Sep 18 2017 - Athlete Bio : Elizabeth MacDonald On Being A Veteran Competitor

Elizabeth MacDonald has been a pillar of New Brunswick’s track and field community. This summer, she once again represented New Brunswick at the World Francophone Games.


While she wants to keep her age a non-topic, Elizabeth’s athletics days began in 2002. At the time, she worked at a swimming pool, and her friend half-jokingly convinced her to try field events. “I think I might have known what javelin was,” she says. “Pretty sure I knew what shot was. I didn’t really have too many expectations for the sport. It felt very random.”


At the Legion Championships, the classic introduction to track, Elizabeth fell in love with the hammer throw. At a clinic, she watched a woman wind up and launch, and something about the movement, the fluid precision, resonated with her. Or, rather, the sight clicked her brain into gear. “I immediately thought, ‘that looks so cool!” she says. “I had to learn how to throw an implement just like that.” And, ever since her first few attempts of accelerating the hammer, her passion has never waned.


Throughout her Bachelors of Science, her PhD in Chemistry, and even her Diploma in Dental Hygiene, Elizabeth has now represented New Brunswick eight times. Those teams include the 2009 and 2013 Canada Summer Games, as well as the 2013 World Francophone Games, in Nice.


“After all this time, I still have fun launching this ball in the air and watching it fly. If I didn’t enjoy it, I definitely wouldn’t have kept going, with training and competing, for as long as I have. I love the challenge, the constant growth, and everything about this sport.”


“Throughout my career, I’ve kind learned that each competition, each games, will be a unique experience. So, despite having competed at this championship, there were new challenges and new positives, which impacted my performance.”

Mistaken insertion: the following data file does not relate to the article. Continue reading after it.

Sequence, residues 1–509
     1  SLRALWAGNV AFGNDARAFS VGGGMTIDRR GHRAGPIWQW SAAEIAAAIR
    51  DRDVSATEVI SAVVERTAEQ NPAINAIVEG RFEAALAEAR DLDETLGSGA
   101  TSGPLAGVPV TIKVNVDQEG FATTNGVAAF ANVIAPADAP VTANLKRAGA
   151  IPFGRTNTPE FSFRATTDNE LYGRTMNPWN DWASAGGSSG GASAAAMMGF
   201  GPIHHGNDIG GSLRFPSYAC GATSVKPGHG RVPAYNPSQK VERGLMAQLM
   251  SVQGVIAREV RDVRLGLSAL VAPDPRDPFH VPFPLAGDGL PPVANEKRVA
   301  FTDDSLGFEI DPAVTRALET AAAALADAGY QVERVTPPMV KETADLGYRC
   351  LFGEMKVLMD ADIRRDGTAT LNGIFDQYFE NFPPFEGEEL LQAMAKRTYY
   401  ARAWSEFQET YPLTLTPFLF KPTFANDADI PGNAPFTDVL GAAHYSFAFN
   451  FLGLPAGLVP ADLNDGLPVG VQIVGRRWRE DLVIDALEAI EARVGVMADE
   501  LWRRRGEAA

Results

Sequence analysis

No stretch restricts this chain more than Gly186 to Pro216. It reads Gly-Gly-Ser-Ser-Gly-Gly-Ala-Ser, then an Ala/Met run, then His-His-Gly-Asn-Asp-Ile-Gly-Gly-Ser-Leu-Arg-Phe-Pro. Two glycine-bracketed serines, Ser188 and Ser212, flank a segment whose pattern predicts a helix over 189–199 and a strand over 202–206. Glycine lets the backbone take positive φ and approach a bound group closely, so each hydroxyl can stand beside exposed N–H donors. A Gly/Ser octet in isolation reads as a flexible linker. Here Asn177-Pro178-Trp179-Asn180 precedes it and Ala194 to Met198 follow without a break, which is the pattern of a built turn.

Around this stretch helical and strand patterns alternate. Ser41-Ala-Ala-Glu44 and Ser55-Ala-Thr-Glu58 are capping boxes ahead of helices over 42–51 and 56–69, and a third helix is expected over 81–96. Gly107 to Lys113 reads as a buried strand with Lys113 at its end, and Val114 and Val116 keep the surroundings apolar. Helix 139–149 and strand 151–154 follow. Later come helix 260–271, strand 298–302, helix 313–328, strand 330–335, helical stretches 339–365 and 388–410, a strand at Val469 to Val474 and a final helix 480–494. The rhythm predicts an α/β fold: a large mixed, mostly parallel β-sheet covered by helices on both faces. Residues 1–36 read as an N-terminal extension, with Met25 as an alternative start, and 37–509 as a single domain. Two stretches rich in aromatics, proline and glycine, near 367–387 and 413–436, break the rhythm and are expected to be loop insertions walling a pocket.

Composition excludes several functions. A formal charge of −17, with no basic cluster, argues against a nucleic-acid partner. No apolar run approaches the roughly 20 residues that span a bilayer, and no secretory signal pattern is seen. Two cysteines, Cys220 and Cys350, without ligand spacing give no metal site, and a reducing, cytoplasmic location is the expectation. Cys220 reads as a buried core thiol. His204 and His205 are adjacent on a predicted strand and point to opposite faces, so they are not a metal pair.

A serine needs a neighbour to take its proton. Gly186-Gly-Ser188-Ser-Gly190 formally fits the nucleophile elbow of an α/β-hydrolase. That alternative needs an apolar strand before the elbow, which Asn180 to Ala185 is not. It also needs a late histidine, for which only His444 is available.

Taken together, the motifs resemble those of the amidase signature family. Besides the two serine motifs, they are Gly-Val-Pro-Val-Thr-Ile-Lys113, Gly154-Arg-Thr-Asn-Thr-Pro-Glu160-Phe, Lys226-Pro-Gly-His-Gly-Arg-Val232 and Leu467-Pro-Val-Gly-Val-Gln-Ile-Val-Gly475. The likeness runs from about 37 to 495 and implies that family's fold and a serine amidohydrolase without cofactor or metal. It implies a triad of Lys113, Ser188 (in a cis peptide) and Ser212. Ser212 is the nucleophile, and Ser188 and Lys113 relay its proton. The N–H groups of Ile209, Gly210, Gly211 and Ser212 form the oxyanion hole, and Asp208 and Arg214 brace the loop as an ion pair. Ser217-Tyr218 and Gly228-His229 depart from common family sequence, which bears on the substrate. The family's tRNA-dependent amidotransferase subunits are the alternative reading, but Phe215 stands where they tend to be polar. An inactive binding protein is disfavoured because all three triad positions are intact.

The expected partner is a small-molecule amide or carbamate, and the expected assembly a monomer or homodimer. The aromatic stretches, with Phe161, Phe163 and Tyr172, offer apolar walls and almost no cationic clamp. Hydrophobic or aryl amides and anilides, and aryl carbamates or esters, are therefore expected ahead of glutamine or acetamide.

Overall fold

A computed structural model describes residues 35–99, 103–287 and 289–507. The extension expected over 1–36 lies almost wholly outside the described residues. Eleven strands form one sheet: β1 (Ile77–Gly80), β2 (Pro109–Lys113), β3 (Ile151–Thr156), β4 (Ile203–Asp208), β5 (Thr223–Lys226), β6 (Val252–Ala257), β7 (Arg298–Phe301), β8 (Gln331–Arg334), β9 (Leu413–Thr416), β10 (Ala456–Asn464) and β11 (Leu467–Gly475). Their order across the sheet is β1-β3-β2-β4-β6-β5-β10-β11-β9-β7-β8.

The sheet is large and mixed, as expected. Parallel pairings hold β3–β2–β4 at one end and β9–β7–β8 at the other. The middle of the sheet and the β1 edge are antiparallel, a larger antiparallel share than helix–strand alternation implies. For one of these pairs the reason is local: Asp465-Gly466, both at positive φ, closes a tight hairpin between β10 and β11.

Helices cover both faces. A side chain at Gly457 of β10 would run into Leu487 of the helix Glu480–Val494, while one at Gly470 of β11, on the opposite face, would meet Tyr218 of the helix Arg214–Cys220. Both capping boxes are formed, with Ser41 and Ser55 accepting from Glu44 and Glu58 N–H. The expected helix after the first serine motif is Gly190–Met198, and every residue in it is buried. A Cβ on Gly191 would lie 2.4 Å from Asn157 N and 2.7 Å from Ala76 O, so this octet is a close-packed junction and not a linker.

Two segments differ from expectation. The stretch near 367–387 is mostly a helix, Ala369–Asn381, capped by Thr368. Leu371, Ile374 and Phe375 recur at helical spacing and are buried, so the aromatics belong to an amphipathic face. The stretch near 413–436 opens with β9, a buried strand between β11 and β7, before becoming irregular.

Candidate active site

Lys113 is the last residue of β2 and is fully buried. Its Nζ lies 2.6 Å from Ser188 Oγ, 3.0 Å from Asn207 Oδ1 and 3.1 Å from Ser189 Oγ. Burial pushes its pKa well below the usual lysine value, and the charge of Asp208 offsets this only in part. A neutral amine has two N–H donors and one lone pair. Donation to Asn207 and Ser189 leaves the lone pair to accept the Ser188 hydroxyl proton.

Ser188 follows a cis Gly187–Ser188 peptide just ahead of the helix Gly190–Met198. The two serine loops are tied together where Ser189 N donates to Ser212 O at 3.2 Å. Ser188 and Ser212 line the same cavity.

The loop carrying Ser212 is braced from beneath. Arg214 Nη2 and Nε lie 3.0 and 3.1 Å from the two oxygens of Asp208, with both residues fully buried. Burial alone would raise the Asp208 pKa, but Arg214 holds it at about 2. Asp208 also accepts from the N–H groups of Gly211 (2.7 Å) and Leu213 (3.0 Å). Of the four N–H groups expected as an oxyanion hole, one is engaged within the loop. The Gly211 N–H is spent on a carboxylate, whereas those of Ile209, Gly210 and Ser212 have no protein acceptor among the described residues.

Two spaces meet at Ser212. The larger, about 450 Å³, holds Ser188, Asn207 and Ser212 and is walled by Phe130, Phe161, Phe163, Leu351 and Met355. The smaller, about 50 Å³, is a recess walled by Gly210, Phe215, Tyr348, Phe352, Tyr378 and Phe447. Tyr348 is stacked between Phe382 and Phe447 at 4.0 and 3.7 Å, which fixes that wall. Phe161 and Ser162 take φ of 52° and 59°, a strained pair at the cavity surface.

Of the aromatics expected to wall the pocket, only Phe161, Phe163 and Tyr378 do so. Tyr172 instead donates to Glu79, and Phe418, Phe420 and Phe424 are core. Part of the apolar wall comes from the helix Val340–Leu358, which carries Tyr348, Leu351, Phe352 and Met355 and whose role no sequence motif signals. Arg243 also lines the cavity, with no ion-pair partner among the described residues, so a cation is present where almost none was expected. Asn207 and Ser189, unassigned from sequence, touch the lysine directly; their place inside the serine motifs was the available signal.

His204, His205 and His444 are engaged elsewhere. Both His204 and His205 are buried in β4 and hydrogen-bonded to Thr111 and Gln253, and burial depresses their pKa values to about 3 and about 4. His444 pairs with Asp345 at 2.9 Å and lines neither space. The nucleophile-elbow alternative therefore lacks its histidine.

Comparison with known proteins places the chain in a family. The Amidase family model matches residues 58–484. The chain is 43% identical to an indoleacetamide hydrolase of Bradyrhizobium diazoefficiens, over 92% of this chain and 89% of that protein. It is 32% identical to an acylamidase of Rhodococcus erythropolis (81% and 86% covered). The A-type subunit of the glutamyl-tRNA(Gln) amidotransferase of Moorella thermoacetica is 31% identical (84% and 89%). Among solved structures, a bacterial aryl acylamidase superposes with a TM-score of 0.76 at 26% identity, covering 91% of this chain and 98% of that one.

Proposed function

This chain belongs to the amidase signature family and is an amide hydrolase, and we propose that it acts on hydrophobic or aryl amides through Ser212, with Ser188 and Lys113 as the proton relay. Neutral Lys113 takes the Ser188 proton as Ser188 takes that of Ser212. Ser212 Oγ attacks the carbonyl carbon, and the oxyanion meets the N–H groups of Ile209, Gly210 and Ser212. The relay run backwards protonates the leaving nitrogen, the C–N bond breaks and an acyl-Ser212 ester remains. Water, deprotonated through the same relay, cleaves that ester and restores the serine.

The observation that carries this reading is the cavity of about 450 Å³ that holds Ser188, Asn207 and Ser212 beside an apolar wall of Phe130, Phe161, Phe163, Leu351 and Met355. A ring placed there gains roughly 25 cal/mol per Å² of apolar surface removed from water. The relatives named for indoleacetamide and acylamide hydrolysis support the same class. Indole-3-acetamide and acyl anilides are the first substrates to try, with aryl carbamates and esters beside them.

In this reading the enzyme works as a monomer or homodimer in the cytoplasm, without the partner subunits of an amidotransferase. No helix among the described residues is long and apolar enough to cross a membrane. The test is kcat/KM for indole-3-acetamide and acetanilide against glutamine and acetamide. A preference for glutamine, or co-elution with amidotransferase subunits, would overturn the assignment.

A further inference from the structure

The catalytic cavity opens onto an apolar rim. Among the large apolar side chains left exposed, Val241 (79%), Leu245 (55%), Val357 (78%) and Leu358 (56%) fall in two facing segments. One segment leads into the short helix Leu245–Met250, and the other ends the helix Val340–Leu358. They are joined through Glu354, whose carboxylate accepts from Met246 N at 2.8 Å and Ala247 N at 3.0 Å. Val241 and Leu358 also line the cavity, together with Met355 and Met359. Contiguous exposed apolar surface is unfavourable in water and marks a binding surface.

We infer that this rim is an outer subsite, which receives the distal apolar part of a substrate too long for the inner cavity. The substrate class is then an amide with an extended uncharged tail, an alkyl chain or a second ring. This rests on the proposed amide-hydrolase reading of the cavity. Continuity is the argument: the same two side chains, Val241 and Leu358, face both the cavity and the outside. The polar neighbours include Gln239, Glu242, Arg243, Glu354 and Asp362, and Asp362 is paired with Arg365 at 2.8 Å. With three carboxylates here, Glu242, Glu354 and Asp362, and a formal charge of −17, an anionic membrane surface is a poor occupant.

For instance, at the Abidjan competition venue the cement quality of the throwing circle was different than what she has been used to in North America. As well, this particular competitive format only allowed for a few warmup throws, whereas Atlantic Canadian competition allots for an open 45 minutes.


“The more you compete, the more time you spend in sport, the easier of a time you have in dealing with the changes that come up,” she says. “I am lucky to have spent the amount of time that I have in this sport, but I noticed a difference between even myself and the full-time athletes, such as those who competed on team Canada.”


“I used to get shaky, or tentative, when trying to throw,” she says. “When I was younger, especially around my first time competing at Canada Games, I’d always have these crazy emotions throughout competition. I would let something that bothered me, often things I couldn’t control, get into my head.”


“Eventually, I came to a realization. Yes, we all have stressors in our lives, but competition is our time away from that. It’s a chance to do what we love, and when you step into the circle, you let go everything else.”


Elizabeth laughs. “Since that realization, I never had an issue with performing. Challenges never go away; instead, growing in competition is about getting better at dealing with the challenges when the inevitably arise.” 


In Abidjan, Elizabeth demonstrated just that. “The first throw I knew wasn’t going to be good even in the opening spins. I could feel in the second turn that it wasn’t going correct, based on how it should feel when thrown properly. It wasn’t in a proper rhythm, but I competed the throw, and it wasn’t as bad as it could have been.”


“I could have shut down based on that less-than-optimal opening performance, and I could have let my mind jeopardize the rest of the competition. But that wasn’t why I was there. Instead, I focused on what was coming up next.”


During the first three rounds of throws, Elizabeth stayed calm, cool, and collected. Despite feeling off her rhythm, she qualified for the final, and, as the competition continued, her distances improved. “I'm pleased to say I threw a much better mark in my final throw of the competition. I finished 8th overall, which was one of my goals for Abidjan.”